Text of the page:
The creator economy is worth $100 billion. The majority of creators today monetise their content using fiat money. I believe that creators will use tokens to monetise their content. Tokens offer benefits that fiat money does not.
Let’s dig in.
How do creators make money today?
Today, creators choose between one or more of the following strategies to earn money:
- One-time purchase: users pay a one-time fee to access content. This may or may not include ownership. For example, buying a Notion template on Gumroad doesn’t give you ownership. Buying a painting from an artist does.
- Recurring payments: users pay a periodic fee to get access to a creator’s content. For example, I pay $10 to read Lenny Rachitsky’s weekly newsletter (which I highly recommend).
- Tips: users tip their creators on platforms like Twitter or Patreon.
How do creators use tokens?
Creators can monetise their content by using NFTs or requiring their users to hold a certain number of tokens.
Why are tokens superior to fiat for creators?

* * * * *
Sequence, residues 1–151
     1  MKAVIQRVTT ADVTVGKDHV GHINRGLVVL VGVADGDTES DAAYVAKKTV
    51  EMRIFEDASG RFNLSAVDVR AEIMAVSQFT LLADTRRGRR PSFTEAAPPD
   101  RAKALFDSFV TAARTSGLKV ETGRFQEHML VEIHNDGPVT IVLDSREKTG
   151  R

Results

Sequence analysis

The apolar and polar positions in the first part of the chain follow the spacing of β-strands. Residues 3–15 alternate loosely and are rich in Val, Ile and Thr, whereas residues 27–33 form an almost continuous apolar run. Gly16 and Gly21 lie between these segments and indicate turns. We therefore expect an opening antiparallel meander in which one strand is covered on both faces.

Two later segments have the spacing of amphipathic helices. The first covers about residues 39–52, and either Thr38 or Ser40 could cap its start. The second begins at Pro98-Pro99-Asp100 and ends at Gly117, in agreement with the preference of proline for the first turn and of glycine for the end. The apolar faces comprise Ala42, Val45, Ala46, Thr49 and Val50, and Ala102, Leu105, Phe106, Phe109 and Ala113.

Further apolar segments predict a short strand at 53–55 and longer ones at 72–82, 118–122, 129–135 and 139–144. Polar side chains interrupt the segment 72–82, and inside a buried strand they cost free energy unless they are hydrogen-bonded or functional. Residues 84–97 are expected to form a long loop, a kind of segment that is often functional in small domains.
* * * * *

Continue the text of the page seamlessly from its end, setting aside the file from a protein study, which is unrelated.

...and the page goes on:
Tokens are superior to fiat for a few reasons:
- Compounding for the creator: if a creator uses NFTs, they gain from secondary sales. For example, OpenSea allows artists to set a creator fee up to 10%. If set at 5%, this means that the creator retains 5% of future sales in perpetuity. This is simply not possible with fiat money.
- Invest in the creator: tokens allow users to benefit from an increase in demand for the creator. Let’s say I buy into a community by buying 1 token for $100. The value of the community goes up and users are willing to pay $1,000 for the token. I’ve suddenly main $900 dollars by joining a community. With fiat, the subscription fees you pay for a community cannot lead to an increase in value.
- Contribute to your community: tokens allow users to contribute actively to the creator’s community. This is possible with fiat too — I can run a Discord server and have an active community. But tokens unlock a type of governance that’s not possible with fiat money. For example, a creator could empower their community by allowing them to vote on new member applications or a critical decision.